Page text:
And we wear it not only to socialize but also to dance! Sway-balancing, twirling on its long skirt, while gathering its train so we don’t get snagged on it and fall on our faces. We can’t wear shoes with it as well—it has to be a beaded ‘zapatilla’ (slippers) that covers only the toes…but this is going too far for my haiku and why or how this came about. So…

I pulled out this conversation from comments of Rick Daddario (19 planets) and my reply on my post two days ago (Nine for NaHaiWrimo) because it’s about butterflies, to put it simply. And I’d like to pass it off as my 12th for ‘daily-haiku-write’.

Wrick:

island trail
in the back yard today
butterflies

yeah. that was today – feb. 9, 2011.
in some ways this has become curious to me… when the concept of kigo originated it must have been in one area – so the season was probably basically the same for everyone writing ku. now that ku is planet wide it seems it’s hard to say when a kigo matches the season. the butterfly trail in my back yard has become active in the last week or two – yeah, in January/February. it’s not a major trail but it’s been there since i’ve been here – 20 plus years or so. normally i wouldnt think of butterfly trails as a winter season indicator – i think it does start up about this time of year tho. may be late january… sometimes i think all we can do is write what is around us and let others decide if that’s right or not. i like this butterfly season. cool on the month of haiku. and cool on you revisiting your haiku each day. bwahahahahaaha – i see WP thinks i wrote this on Feb. 10, 2011. my case exactly – it’s still Feb. 9, 2011 for me. okay okay, it’s 11:54 PM on Feb, 9, 2011 – but that’s still today for me.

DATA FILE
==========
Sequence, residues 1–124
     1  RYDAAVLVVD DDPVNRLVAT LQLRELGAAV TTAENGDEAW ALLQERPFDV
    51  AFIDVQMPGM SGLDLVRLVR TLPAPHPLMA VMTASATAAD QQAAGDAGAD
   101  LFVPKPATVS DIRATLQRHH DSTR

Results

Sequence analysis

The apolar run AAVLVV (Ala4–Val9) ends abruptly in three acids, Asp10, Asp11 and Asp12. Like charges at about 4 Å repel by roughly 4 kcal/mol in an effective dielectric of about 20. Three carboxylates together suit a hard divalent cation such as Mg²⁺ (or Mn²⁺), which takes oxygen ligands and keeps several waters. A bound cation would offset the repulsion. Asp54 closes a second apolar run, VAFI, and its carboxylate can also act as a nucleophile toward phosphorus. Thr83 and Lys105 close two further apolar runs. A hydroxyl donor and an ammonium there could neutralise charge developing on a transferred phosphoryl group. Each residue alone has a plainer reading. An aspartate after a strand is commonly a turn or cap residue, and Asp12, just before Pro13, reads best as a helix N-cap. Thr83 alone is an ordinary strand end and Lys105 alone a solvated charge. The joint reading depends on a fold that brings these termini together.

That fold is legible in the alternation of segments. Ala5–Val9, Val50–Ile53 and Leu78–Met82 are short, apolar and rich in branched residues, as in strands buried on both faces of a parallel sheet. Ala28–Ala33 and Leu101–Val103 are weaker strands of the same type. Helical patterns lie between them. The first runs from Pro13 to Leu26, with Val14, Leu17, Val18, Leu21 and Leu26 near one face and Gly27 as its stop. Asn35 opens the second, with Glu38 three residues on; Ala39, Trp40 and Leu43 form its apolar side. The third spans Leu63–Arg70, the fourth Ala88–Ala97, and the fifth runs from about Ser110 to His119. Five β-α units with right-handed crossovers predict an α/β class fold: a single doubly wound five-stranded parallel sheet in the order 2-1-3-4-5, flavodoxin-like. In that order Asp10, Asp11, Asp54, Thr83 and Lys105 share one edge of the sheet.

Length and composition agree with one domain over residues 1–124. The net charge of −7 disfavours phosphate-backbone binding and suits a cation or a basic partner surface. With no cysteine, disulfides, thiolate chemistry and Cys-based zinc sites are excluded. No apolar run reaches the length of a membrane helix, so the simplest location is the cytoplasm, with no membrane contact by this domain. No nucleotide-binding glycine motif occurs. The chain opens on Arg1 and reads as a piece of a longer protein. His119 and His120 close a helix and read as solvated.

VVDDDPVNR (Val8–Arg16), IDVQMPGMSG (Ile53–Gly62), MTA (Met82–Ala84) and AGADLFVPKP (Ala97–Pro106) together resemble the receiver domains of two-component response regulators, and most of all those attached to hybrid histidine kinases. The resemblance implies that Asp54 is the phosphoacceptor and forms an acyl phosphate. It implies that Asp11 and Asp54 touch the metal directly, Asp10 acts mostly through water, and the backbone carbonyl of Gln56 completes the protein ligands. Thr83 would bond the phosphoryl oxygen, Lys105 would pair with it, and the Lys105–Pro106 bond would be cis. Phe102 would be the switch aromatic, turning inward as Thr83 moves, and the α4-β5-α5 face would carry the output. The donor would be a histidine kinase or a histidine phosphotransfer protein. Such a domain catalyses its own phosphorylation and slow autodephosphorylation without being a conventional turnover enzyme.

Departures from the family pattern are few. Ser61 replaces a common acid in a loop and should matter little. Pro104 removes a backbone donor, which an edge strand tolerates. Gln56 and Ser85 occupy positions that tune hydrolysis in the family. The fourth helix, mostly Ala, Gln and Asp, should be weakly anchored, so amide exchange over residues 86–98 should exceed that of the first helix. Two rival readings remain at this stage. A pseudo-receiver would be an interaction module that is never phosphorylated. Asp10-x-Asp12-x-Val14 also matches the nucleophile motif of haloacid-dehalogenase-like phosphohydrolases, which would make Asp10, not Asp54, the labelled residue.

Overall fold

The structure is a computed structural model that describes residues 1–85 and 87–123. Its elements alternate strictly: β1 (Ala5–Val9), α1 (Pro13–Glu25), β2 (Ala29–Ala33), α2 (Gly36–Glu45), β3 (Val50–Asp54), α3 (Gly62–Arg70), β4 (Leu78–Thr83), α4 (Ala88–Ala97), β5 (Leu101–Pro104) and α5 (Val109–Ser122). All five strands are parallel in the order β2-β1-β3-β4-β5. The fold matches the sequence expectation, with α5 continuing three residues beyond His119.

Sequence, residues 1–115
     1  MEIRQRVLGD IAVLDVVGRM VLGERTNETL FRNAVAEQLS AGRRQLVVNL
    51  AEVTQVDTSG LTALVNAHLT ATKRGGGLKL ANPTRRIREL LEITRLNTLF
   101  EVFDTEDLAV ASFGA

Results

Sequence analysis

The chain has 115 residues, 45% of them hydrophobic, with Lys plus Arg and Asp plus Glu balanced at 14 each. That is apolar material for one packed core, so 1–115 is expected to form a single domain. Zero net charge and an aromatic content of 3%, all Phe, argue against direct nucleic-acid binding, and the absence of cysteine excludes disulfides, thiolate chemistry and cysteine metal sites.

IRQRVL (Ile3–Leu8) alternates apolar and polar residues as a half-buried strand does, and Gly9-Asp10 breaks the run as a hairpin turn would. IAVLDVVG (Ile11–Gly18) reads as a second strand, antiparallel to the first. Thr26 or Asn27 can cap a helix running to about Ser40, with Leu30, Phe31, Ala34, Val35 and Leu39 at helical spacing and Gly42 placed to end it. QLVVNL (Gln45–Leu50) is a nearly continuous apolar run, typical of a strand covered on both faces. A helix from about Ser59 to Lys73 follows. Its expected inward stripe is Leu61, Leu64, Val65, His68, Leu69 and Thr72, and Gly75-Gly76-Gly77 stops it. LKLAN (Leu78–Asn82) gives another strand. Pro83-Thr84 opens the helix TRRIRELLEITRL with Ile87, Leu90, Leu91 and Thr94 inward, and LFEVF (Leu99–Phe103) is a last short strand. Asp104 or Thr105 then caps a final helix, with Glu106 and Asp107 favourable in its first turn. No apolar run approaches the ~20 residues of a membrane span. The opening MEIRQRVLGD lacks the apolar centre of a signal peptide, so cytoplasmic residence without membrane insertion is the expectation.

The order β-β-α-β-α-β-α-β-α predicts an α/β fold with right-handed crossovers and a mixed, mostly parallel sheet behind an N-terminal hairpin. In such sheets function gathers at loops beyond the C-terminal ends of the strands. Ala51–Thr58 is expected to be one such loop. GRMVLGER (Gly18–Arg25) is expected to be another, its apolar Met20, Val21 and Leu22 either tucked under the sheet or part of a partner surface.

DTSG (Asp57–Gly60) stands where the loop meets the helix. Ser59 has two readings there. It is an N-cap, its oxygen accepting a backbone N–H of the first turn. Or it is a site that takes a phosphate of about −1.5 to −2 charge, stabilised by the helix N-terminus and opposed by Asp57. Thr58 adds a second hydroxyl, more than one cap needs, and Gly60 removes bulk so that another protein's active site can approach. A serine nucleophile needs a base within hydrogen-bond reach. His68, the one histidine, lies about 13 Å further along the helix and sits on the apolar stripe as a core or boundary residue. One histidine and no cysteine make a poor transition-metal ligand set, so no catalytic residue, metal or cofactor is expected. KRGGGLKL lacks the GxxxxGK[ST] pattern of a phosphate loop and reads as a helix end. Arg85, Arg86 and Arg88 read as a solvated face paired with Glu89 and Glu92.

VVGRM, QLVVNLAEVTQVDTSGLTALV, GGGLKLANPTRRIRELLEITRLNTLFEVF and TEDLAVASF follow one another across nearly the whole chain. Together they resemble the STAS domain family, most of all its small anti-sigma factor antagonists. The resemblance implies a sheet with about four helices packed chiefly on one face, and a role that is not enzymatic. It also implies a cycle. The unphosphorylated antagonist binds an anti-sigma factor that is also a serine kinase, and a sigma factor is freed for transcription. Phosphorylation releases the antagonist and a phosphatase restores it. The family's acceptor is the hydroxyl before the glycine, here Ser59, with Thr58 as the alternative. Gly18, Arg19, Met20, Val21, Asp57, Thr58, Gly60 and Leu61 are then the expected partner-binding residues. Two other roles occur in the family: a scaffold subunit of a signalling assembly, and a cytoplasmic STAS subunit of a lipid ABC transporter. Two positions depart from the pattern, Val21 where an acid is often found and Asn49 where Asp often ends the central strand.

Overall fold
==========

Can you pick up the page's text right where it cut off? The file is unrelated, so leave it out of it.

Me:

We got the same problem though I think we’re earlier on this side of the Pacific!

First off, I love your haiku, Wrick! It could well be mine if I weren’t consciously trailing about in my new country, taking note of the season’s imprints and non-prints. I still find myself looking as if through a fractured glass though, where the sun, for example, shines in hues so like yet unlike what I recognize. And yes, butterflies! Back home in the Philippine archipelago, they flit around amost all year. I loved the tiny yellow species, which flutter like disembodied petals. Did you know that when a butterfly just suddenly bursts into sight, we believe it is a soul?

butterfly
oh, on my shoulder–
name long an epitaph

A ‘season indicator’ aka ‘kigo’ is intrinsic by tradition in haiku, is what I understand. And a kigo to my mind is nothing else but life’s details. If it’s possible to simplify it in these terms, it’s quite easy to understand why haiku thrives anywhere and up to now. It’s an art form that could never fade or die because its womb is the spirit. Reading more and more of its history, I’ve come to believe that it aims at nothing but truth and joy that comes with its flash, ‘aha’! Joy from uncovering a secret–life’s or nature’s secret, that is. And that is infinite, right? Aren’t we lucky to have stumbled on haiku? (I caught it on the internet years ago.) At least with it we can be certain of finding bits of truth and ‘joy’ everyday or as I had set out in this blog, a ‘jornal’! Cool on you for your thoughts and your butterfly! Thanks to you for finding my revisits cool!

February 11, 2011 Posted by | haiku, language views, poetry | , , , , , , , , , , , , , , , , , , , , , | 5 Comments